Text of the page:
May 18, 2018
They didn’t understand. They would look at their beautiful nine-month-old baby girl Jade with the piercing blue eyes, then look at each other. Something wasn’t right. It didn’t feel right. It certainly didn’t seem right. So John Boruk and his wife Kristine would look at each other again knowing something was wrong.
It had to be.
John, the sports anchor and Flyers Insider at NBC Sports Philadelphia, and Kristine wondered why Jade wasn’t gaining weight or getting taller. Why she was having problems eating and sleeping; why simple noises would easily startle her; why she wasn’t able to do the things other toddlers were able to do.
It’s a gut punch... I got home from that appointment and I broke down and I tried to wrap my head around everything, as did my wife.
It took nearly two years to figure it out, as the Boruks ran the gamut. Doctors and nutritionists were seen. But no answers. Until, finally, a co-worker of Kristine’s suggested they see a geneticist. After meeting renowned Dr. Elaine H. Zackai, the Director of Clinical Genetics and the Director of the Clinical Genetics Center at Children’s Hospital of Philadelphia, John and Kristine were introduced to a new word and a new reality on February 11, 2008, “Williams syndrome.”
Discovered by New Zealander John C. P. Williams in 1961, Williams syndrome, which affects one in every 10,000 people, is defined by medical journals as “a developmental disorder that affects many parts of the body. This condition is characterized by mild to moderate intellectual disability or learning problems, unique personality characteristics, distinctive facial features, and heart and blood vessel (cardiovascular) problems.
“People with Williams syndrome typically have difficulty with visual-spatial tasks such as drawing and assembling puzzles, but they tend to do well on tasks that involve spoken language, music, and learning by repetition (rote memorization). Affected individuals have outgoing, engaging personalities and tend to take an extreme interest in other people. Attention deficit disorder (ADD), problems with anxiety, and phobias are common among people with this disorder.”
The Boruks have been aware of it the last 10 years. They saw their daughter deathly afraid of the sound of vacuum cleaners, and they had to be very observant when she walked up and down the steps because of visual-spatial issues. Jade still has to put on headphones during thunderstorms and has issues with fireworks, since a byproduct of Williams is acute hearing issues.
Jade, who will turn 13 in September, attends regular classes at Charles F. Patton Middle School in Kennett Square, Chester County, with some learning support sprinkled in. Overall, she’s highly functioning, energetic and in many ways typical of other 12 year olds, after undergoing years of physical, speech and occupational therapies.
Though it’s a decade ago, for John, the father of three, Jade and two younger sons, one who will turn 11 next week and another 6, hearing his precious baby girl had Williams was a devastating time.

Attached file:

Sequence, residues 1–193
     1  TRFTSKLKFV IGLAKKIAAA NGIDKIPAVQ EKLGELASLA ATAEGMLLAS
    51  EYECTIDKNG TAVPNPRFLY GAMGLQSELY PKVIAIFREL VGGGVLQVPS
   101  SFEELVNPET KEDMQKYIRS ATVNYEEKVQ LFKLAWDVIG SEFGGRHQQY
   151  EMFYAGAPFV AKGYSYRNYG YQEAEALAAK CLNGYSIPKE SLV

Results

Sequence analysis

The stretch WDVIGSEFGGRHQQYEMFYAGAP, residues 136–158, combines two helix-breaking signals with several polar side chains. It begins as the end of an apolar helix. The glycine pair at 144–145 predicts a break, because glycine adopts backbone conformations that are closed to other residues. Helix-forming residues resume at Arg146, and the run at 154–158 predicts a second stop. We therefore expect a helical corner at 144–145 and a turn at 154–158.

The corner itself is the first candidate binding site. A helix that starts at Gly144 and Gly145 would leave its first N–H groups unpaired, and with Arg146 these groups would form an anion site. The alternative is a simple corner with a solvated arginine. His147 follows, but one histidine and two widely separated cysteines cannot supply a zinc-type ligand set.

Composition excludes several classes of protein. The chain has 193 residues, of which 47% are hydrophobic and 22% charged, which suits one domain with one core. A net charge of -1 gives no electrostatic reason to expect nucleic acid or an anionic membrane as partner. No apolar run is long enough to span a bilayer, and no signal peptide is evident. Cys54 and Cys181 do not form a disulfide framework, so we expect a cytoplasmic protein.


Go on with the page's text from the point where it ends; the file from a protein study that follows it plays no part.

“It’s a gut punch,” said John, who’s originally from Arlington, Texas, and has been a stalwart in the Philadelphia sports market since July 2006. “I was more in denial in the sense that she was so young, and children mature at different ages, they adapt and they learn things eventually over time. Then it hits you. I felt so badly for my daughter that she would have a life full of challenges. That’s where my head was at the time — that this wasn’t fair to a 2-year-old, and she didn’t know what was in front of her.
“I was in a disbelieving state of shock, because you’re always under the belief that every child you have will be healthy, and not have issues and setbacks, and a typical lifestyle. So when they tell you a normal Williams kid doesn’t drive a car, or go to college, that sort of thing, it was really hard for me to stomach all of that on that particular day. I got home from that appointment and I broke down and I tried to wrap my head around everything, as did my wife.”
Kristine, a regional sales trainer for a large pharmaceutical company, was already two steps ahead of John, thinking and planning of what needed to be done. One important component for the Boruks about Jade, which they continue to do, is treat her like they would any 12-year-old. She gets into tiffs with her siblings, like brothers and sisters do. She attends school and has friends. She also possesses a great ability to recognize songs within seconds. She can lead a productive life, go on to college and live independently when she gets older.
There’s also something very special about children with Williams syndrome.
“One thing also prevalent with children with Williams is that they’re very outgoing, very social, they want friendship and closeness with other people,” John said. “There is a very sweet, genuine side to kids with Williams that makes them very endearing to be around.
“Jade has been a blessing. She’s such a sweet kid. Jade needs more help and support, so when people don’t understand that and sort of lose their patience, that’s what gets me irritated. I can’t say enough good things about the Unionville-Chadds Ford School District. They have been tremendous. The people around us have been great. You need to have patience and understanding, and Jade’s helped me become better in those areas.
“People come up to us all of the time to say how much they love being around Jade.”
Tonight, Jade will receive her black belt in karate, the first person with special needs to do so at the East Coast Karate Institute, Glen Mills, Delaware County.
Click here for more information on the Philadelphia Walk for Williams.
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